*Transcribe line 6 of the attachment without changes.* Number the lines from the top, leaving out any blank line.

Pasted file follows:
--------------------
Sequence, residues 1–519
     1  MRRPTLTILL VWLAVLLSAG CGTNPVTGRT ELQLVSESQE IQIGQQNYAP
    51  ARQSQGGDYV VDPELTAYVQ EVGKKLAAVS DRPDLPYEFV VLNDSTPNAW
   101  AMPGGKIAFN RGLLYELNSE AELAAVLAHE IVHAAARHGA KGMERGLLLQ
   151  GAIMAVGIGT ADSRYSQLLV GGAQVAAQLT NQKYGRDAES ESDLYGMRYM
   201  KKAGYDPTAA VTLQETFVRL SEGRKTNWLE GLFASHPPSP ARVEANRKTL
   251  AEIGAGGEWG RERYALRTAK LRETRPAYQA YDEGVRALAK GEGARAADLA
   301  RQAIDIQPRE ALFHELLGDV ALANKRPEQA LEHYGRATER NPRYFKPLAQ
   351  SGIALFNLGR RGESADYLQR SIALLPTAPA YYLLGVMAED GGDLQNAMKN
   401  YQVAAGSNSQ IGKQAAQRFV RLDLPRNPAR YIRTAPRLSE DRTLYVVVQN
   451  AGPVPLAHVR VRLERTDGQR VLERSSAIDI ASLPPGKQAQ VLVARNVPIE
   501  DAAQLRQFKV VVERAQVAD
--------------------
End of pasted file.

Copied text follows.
   201  KKAGYDPTAA VTLQETFVRL SEGRKTNWLE GLFASHPPSP ARVEANRKTL